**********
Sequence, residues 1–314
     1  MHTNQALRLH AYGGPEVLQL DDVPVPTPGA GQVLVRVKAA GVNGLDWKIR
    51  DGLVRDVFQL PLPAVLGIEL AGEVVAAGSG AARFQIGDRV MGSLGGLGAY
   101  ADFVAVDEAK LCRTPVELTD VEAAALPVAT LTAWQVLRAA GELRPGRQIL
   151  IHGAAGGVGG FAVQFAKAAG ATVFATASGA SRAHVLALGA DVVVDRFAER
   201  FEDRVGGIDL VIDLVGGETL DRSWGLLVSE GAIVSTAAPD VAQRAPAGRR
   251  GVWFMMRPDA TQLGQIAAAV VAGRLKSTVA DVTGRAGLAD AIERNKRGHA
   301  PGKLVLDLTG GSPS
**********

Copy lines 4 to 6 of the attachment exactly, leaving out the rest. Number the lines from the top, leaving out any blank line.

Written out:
   101  ADFVAVDEAK LCRTPVELTD VEAAALPVAT LTAWQVLRAA GELRPGRQIL
   151  IHGAAGGVGG FAVQFAKAAG ATVFATASGA SRAHVLALGA DVVVDRFAER
   201  FEDRVGGIDL VIDLVGGETL DRSWGLLVSE GAIVSTAAPD VAQRAPAGRR